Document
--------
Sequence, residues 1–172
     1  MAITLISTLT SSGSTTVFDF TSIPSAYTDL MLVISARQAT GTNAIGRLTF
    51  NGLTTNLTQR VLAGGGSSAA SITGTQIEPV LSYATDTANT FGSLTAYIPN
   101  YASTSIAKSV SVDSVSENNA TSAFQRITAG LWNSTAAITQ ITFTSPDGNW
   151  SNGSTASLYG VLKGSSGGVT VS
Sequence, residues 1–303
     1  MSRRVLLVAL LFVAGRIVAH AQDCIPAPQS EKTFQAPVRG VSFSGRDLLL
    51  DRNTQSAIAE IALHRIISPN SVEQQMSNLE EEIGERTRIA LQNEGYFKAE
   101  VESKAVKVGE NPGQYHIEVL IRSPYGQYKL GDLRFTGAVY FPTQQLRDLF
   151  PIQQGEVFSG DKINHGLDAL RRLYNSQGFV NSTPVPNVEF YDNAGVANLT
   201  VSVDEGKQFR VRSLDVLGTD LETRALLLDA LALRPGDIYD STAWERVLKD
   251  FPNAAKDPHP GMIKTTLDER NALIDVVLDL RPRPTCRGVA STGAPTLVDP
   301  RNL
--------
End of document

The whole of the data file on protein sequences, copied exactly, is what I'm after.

Sequence, residues 1–172
     1  MAITLISTLT SSGSTTVFDF TSIPSAYTDL MLVISARQAT GTNAIGRLTF
    51  NGLTTNLTQR VLAGGGSSAA SITGTQIEPV LSYATDTANT FGSLTAYIPN
   101  YASTSIAKSV SVDSVSENNA TSAFQRITAG LWNSTAAITQ ITFTSPDGNW
   151  SNGSTASLYG VLKGSSGGVT VS
Sequence, residues 1–303
     1  MSRRVLLVAL LFVAGRIVAH AQDCIPAPQS EKTFQAPVRG VSFSGRDLLL
    51  DRNTQSAIAE IALHRIISPN SVEQQMSNLE EEIGERTRIA LQNEGYFKAE
   101  VESKAVKVGE NPGQYHIEVL IRSPYGQYKL GDLRFTGAVY FPTQQLRDLF
   151  PIQQGEVFSG DKINHGLDAL RRLYNSQGFV NSTPVPNVEF YDNAGVANLT
   201  VSVDEGKQFR VRSLDVLGTD LETRALLLDA LALRPGDIYD STAWERVLKD
   251  FPNAAKDPHP GMIKTTLDER NALIDVVLDL RPRPTCRGVA STGAPTLVDP
   301  RNL